The New Zealand Railways Magazine, Volume 14, Issue 3 (June 1, 1939)
Pictures from Lakeland — Roto-A-Ira
Between green graceful Pihanga and the scarred and massive buttresses of Mount Tongariro lies Roto-a-Ira, Iridescent Water, a great flat shining jewel cupped in the bowl of the broken hills.
You skirt its tranquil bays as you pass by on the main highway from Lake Taupo to the Chateau and National Park. Its shores are belted by white sand and lichened boulders, by manuka thickets and rose and crimson snowberries, by levels starred with strange alpine flowers and coloured with the golden tussock of the upland country.
Four mountains keep sentinel over Roto-a-Ira. To the south rise the three Great Ones, rugged Tongariro, and the grim scarred cone of the holy mountain Ngauruhoe; Raupehu lifting shining silver battlements nine thousand feet into the blue of the mountain skies. North of the lake shores stands proud shapely Pihanga.
Many, many years ago, long before the coming of the white man … so the Maori will tell you … there were five mountains round about Roto-a-Ira. The fifth surpassed them all in beauty; he was Taranaki, that perfect cone which we to-day call Egmont. Over the fair green lady Pihanga, Taranaki and Tongariro fought, and Taranaki was forced to flee from his ancient seat. His path drew the deep furrow where the Wanganui river now runs, and from the mouth of the Wanganui he fled up the coast, knee-deep in the Tasman, until he reached the spot where he stands to-day, lonely and beautiful in his banishment, above the rich greenlands of Taranaki.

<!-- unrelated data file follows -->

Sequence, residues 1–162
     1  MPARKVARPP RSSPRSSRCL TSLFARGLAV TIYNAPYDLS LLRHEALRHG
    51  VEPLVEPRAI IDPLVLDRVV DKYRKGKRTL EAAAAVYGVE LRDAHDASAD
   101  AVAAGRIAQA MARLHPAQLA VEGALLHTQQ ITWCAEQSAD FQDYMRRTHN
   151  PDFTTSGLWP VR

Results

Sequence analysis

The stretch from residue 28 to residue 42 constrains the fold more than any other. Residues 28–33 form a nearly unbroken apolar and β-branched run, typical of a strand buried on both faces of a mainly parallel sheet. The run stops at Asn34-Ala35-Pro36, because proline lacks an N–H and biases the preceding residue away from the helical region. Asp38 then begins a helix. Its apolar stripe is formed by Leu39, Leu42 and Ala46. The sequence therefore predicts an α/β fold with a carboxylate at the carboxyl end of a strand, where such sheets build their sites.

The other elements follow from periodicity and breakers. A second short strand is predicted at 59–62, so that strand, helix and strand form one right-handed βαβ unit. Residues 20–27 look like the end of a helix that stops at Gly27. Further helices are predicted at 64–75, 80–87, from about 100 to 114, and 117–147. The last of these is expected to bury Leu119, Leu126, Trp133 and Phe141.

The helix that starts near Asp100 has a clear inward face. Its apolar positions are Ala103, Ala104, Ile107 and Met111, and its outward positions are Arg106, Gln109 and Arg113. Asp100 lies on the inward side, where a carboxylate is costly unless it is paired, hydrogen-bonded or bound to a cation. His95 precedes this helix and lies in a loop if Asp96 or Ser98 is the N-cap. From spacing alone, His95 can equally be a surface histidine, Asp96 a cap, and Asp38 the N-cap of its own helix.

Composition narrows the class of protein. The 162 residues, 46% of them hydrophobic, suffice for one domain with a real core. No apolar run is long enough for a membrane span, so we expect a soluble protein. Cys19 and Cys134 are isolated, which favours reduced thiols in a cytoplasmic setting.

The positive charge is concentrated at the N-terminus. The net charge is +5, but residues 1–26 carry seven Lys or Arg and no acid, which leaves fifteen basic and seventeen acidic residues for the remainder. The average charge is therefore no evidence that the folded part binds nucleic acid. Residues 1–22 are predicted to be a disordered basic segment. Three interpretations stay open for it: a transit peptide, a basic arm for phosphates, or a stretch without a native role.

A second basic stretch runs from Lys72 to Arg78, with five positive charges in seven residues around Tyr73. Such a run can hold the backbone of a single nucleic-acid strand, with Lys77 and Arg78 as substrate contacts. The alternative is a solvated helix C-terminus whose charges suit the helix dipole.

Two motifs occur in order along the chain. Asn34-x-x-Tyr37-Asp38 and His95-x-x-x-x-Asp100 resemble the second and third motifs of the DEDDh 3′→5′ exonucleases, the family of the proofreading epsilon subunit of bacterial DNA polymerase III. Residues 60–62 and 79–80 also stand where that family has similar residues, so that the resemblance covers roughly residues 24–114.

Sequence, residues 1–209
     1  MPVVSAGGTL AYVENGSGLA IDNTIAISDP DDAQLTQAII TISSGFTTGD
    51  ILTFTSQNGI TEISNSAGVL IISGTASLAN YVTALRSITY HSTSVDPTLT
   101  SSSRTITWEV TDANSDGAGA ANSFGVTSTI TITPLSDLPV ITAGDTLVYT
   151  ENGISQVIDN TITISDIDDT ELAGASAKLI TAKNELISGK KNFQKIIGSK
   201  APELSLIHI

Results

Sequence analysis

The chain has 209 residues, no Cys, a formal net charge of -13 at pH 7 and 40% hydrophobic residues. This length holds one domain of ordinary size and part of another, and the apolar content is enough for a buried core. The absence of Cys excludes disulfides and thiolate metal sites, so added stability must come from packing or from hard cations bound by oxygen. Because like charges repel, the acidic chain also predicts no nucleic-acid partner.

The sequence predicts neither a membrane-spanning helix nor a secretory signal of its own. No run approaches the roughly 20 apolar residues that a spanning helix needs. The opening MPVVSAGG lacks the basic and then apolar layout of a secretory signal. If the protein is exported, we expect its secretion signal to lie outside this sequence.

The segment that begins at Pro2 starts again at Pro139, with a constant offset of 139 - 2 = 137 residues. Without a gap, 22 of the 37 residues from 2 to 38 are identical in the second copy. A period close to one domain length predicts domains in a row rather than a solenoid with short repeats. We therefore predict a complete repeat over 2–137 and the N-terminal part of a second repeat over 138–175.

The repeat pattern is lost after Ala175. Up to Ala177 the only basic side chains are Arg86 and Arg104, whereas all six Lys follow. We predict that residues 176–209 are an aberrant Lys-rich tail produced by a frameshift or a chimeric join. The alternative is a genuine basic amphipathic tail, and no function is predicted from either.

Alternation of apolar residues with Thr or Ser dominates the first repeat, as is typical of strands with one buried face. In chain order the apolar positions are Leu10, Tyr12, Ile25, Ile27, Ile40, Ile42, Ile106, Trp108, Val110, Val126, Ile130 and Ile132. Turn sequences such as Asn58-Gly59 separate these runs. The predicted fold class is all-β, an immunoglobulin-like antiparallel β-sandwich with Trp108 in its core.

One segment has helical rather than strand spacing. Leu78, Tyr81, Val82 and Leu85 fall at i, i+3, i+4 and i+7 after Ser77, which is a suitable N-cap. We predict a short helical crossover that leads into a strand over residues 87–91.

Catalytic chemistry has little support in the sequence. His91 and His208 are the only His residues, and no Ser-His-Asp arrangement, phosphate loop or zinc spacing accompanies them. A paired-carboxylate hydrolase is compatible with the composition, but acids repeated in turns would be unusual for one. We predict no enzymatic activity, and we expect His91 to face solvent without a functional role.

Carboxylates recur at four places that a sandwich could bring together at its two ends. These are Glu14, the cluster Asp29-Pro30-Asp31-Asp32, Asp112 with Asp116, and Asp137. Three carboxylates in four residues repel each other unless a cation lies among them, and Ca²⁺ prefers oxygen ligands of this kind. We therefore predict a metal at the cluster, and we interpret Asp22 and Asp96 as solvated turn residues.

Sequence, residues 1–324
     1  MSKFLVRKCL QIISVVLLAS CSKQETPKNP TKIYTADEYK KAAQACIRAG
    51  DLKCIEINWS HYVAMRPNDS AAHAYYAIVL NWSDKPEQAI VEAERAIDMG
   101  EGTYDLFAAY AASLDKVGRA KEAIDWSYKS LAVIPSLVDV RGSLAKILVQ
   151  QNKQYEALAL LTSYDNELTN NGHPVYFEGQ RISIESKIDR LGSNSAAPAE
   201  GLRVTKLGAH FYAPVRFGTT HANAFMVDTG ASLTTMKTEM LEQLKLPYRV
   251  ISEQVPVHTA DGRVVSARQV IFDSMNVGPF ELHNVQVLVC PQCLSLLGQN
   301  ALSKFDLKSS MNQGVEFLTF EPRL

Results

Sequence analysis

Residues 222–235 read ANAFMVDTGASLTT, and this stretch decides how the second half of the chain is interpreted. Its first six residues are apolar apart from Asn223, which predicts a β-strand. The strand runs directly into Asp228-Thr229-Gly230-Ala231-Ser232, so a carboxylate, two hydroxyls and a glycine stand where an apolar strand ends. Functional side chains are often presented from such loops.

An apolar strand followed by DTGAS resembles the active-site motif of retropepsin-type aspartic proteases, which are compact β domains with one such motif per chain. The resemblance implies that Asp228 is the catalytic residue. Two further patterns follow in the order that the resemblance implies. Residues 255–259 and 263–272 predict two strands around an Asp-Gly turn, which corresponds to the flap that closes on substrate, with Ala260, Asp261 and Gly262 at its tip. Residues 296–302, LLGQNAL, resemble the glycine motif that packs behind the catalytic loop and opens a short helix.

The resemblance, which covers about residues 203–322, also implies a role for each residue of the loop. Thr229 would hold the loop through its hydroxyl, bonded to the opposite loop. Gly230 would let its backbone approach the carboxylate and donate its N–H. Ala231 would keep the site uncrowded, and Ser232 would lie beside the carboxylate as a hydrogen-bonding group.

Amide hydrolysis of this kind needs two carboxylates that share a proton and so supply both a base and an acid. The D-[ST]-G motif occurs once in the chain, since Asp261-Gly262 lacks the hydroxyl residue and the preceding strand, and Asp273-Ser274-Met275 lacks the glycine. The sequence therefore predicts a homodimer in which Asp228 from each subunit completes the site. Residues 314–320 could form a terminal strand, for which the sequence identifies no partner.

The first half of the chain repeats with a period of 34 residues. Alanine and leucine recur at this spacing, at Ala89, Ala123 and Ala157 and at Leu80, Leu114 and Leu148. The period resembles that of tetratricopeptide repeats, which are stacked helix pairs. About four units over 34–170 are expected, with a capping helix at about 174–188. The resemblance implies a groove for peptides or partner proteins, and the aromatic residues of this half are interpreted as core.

But Pihanga, like a true woman, was pleased to accept the attentions of the victor, and Tongariro wrapped her in soft arms of cloud as the sign of his love. Even to-day, when the south wind blows the long streamers of vapour from Tongariro's warm springs down upon the lake and the green foot of Pihanga, the Maori says … “See! The Great Ones send greeting as in days of old!”
Roto-a-Ira is a strange spot, aloof, wrapped in a web of legend and mystery, a last citadel of the old, old days when the gods walked the earth as men. Its still blue reaches where the silverbellied strong-jawed mountain fish leap are not for the pakeha angler with his feathery flies, and slender cane rods, and singing reels of silk. He may covet them, but they are forbidden him. The lake, and the gem-like waters of Roto-Pounamu lying beyond, are a Maori fishing reserve.
One of the strangest creatures in the world makes its home in the waters of Roto-a-Ira. It is the koaro, or blind fish. It appears in the lake at certain seasons, blind, its eyes covered by a film which gradually disappears. The Maori believes that this curious creature travels through subterranean channels from the deep cold crater lakes of Tongariro and Ngauruhoe, where it breeds.